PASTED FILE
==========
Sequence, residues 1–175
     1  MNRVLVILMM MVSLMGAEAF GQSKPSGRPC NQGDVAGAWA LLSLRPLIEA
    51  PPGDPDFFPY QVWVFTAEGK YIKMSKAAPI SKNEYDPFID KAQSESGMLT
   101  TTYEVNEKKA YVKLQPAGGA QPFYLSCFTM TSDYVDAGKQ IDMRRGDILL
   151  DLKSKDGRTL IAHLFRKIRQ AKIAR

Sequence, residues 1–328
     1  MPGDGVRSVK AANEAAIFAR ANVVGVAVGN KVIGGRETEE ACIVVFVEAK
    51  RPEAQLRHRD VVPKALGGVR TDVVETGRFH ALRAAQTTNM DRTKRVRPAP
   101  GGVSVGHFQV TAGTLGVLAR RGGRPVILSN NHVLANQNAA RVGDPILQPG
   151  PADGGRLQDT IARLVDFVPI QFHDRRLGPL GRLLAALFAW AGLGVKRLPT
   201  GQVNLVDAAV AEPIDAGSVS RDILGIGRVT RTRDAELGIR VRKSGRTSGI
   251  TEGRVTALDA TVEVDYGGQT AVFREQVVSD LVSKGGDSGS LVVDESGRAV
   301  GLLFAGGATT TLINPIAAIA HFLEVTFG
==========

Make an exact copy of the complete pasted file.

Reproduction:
Sequence, residues 1–175
     1  MNRVLVILMM MVSLMGAEAF GQSKPSGRPC NQGDVAGAWA LLSLRPLIEA
    51  PPGDPDFFPY QVWVFTAEGK YIKMSKAAPI SKNEYDPFID KAQSESGMLT
   101  TTYEVNEKKA YVKLQPAGGA QPFYLSCFTM TSDYVDAGKQ IDMRRGDILL
   151  DLKSKDGRTL IAHLFRKIRQ AKIAR

Sequence, residues 1–328
     1  MPGDGVRSVK AANEAAIFAR ANVVGVAVGN KVIGGRETEE ACIVVFVEAK
    51  RPEAQLRHRD VVPKALGGVR TDVVETGRFH ALRAAQTTNM DRTKRVRPAP
   101  GGVSVGHFQV TAGTLGVLAR RGGRPVILSN NHVLANQNAA RVGDPILQPG
   151  PADGGRLQDT IARLVDFVPI QFHDRRLGPL GRLLAALFAW AGLGVKRLPT
   201  GQVNLVDAAV AEPIDAGSVS RDILGIGRVT RTRDAELGIR VRKSGRTSGI
   251  TEGRVTALDA TVEVDYGGQT AVFREQVVSD LVSKGGDSGS LVVDESGRAV
   301  GLLFAGGATT TLINPIAAIA HFLEVTFG